One need not be a gay man, such as myself, to immediately understand the symbolic reference.

Fussell’s erudition as a scholar of English literature is never more evident than in his parsing of Two Loves, a poem written in 1894 by Lord Alfred Douglas, one time lover of Oscar Wilde. In a dream, the poet discovers in his garden a beautiful naked youth who has lips, ‘red like poppies’. Desperate to know who this lad is, the poet beseeches the youth to tell his name and finally the youth says, “I am the love that dare not speak its name.” This last being the polite way of saying ‘homosexuality’ in decades past.

So decades before the red poppy became the symbol of youthful death in battle, it had long been associated with homosexual love. Professor Fussell suggests the poet unconsciously expresses a certain homoeroticism in connection with his young friend in the poem.

“…Short days ago…We lived…Loved and were loved, and now we lie…”

Professor Fussell was a combat veteran himself. He was drafted into the US Army in 1943, at age 19. In October 1944 he landed in France, as part of the 103rd Infantry Division. He was wounded while fighting in France as a second lieutenant in the infantry, and was awarded the Bronze Star and the Purple Heart.

Remembrance Day in the United Kingdom and Veterans Day in the United States take place on 11 November because this is the yearly anniversary of the armistice which ended the actual shooting in World War One. The peace talks and the Controversial Treaty of Versailles came months later.

The armistice went into effect on the eleventh hour of the eleventh day of the eleventh month in the year of Our Lord, One Thousand Nine Hundred Eighteen.

Ten million young men had perished in the war, never to write the poetry of their lives.

53 RAF aircrew lost their lives in the Dambuster raids We Shall Remember Them

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Bouncing Bomb code-named Upkeep underneath a Lancaster bomber.

Image: British Ministry of Defence, Air Historical Branch. 

LEST WE FORGET

133 RAF aircrew participated in the Dambusters attack.

Of those, 53 lost their lives–a casualty rate of almost 40 percent. The dead were all young men in the prime of their lives.

Life, to be sure,
Is nothing much to lose,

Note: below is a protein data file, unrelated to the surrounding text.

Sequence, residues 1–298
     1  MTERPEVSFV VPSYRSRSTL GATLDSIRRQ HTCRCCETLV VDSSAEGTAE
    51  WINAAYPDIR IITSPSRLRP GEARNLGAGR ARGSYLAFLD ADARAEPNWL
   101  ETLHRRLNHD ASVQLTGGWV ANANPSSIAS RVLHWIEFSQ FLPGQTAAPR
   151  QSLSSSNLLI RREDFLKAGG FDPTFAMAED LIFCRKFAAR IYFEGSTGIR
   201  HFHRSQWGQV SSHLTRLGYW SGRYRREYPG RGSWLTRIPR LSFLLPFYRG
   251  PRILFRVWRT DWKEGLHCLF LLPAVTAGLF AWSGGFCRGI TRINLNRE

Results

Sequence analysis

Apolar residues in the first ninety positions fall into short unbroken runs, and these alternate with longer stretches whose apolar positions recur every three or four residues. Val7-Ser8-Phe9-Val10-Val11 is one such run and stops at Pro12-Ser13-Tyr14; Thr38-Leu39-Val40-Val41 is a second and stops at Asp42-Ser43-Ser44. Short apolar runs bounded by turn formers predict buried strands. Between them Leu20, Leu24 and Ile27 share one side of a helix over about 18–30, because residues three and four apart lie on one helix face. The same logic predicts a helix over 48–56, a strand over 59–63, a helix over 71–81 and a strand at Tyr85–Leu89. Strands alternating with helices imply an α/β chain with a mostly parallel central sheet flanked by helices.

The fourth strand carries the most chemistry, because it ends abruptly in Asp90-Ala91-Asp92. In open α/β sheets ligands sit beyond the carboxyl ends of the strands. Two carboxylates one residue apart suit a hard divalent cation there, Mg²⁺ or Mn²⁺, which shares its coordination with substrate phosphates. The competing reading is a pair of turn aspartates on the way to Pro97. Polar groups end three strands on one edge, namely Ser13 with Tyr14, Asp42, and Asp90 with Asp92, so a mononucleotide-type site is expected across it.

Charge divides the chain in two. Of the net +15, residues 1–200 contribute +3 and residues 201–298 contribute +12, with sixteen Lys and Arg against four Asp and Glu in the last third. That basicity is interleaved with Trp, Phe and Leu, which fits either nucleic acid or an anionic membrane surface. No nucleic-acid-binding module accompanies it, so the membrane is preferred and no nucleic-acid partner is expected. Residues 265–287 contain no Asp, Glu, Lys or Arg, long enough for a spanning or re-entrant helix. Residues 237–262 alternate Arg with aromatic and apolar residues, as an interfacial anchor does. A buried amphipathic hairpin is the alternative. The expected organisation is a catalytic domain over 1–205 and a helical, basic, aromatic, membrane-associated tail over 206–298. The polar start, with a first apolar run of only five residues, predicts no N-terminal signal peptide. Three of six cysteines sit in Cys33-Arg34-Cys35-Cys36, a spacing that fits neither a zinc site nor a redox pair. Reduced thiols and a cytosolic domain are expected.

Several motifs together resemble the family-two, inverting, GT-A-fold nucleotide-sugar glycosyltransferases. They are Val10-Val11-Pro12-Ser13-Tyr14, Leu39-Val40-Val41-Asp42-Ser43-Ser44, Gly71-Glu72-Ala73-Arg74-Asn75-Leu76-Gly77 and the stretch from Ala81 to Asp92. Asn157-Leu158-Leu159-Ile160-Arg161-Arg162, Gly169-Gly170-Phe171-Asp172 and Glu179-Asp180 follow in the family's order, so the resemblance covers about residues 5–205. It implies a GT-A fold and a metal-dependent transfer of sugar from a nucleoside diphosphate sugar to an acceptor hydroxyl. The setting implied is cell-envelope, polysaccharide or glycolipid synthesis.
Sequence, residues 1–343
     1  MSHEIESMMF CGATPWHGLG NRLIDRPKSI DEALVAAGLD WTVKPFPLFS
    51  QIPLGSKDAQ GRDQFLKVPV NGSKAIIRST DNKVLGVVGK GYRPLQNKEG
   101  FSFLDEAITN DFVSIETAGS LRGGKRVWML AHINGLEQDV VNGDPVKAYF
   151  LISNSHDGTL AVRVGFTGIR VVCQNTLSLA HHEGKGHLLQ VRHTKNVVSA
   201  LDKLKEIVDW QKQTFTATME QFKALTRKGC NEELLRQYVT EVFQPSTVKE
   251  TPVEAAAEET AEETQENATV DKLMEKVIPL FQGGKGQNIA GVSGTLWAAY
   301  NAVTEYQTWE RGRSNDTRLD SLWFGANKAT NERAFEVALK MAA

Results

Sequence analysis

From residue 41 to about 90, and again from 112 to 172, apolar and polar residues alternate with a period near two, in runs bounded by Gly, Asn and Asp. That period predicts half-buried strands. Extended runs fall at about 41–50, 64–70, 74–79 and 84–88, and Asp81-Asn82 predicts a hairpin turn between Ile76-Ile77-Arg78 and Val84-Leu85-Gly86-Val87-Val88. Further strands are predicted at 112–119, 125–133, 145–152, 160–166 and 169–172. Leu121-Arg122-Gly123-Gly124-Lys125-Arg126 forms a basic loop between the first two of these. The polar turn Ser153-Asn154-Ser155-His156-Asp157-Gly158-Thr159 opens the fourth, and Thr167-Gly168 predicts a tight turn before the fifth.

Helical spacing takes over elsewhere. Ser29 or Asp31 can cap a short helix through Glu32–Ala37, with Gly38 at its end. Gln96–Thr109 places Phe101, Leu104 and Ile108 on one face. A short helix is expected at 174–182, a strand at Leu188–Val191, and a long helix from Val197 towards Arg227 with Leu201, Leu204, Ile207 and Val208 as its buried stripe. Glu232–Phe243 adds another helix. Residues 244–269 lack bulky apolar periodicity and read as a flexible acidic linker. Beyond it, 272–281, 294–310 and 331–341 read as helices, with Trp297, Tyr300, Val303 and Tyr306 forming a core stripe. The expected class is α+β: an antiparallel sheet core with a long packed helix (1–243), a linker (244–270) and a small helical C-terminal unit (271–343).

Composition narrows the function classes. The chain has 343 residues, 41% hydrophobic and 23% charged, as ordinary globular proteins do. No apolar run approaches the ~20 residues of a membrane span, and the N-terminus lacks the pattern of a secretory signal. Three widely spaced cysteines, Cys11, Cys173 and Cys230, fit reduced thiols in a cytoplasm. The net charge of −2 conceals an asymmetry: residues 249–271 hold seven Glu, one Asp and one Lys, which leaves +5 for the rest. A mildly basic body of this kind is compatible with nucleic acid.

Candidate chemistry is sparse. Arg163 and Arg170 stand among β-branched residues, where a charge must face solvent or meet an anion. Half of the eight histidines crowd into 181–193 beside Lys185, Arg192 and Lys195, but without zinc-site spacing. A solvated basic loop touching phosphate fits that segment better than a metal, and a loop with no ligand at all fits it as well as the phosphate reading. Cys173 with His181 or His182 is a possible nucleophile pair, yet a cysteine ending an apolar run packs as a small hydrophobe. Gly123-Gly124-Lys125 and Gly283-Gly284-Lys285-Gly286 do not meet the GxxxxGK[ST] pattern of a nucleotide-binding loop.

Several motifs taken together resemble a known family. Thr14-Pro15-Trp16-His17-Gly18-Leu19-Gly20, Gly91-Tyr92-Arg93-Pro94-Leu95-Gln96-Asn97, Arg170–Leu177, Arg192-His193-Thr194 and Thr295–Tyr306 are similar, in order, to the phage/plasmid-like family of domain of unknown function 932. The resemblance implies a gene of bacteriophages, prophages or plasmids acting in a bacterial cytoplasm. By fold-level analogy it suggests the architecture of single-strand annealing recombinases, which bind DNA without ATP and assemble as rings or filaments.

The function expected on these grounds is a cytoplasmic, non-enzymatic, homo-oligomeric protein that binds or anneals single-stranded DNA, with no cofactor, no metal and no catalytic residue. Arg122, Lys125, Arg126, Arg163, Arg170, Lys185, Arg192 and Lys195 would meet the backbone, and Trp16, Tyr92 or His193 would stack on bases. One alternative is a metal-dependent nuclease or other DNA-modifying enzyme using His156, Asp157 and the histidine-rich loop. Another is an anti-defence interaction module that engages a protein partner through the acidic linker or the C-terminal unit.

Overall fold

But young men think it is,
And we were young.

From the poem Here Dead We Lie

by A.E. Housman

 

OPERATION CHASTISE (THE DAMBUSTERS’ RAID) 16 – 17 MAY 1943 (CH 9750) The Targets: A vertical reconnaissance photo showing the breach in the Eder Dam. The awkward approach to the dam resulted in the failure of the first three attempts to place a bomb accurately enough to destroy it. The fourth aircraft to attack (AJ-N) succeeded, however. Copyright: © IWM. Original Source: http://www.iwm.org.uk/collections/item/object/205022178

 

Photograph collection of Dambusters IWM

c/o GPO London

 

 

 

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HMS Victory at Portsmouth naval base, 2008

 

The location of any Royal Navy warship in World War Two was a great secret, as it should have been. All ships had the same address, for example

HMS Victory

c/o GPO

London

(that is: care of the General Post Office, London)

Since all Royal Navy logistic and administrative systems were set up to support individual ships, all bases on land were named for ships as well. One was always assigned to a ship. This simple expedient prevented disruptive changes in the system of administration which worked well.

Officers and ratings assigned to the Admiralty or various government officers in London were, and still are, carried on the books of HMS Victory; Lord Nelson’s flagship at the Battle of Trafalgar in 1805.

She was built in the Royal Navy’s Chatham Dockyard and officially commissioned in 1778 as a first-rate ship of the line carrying 104 guns. HMS Victory was placed in dry-dock at Portsmouth naval base in 1922 where she remains, the oldest warship in the world still in commission. (The USS Constitution is the oldest commissioned warship still afloat)

She serves as the flagship of the First Sea Lord or professional head of the Royal Navy.

Photo of HMS Victory courtesy of http://en.wikipedia.org/wiki/File:Hms_victory.JPG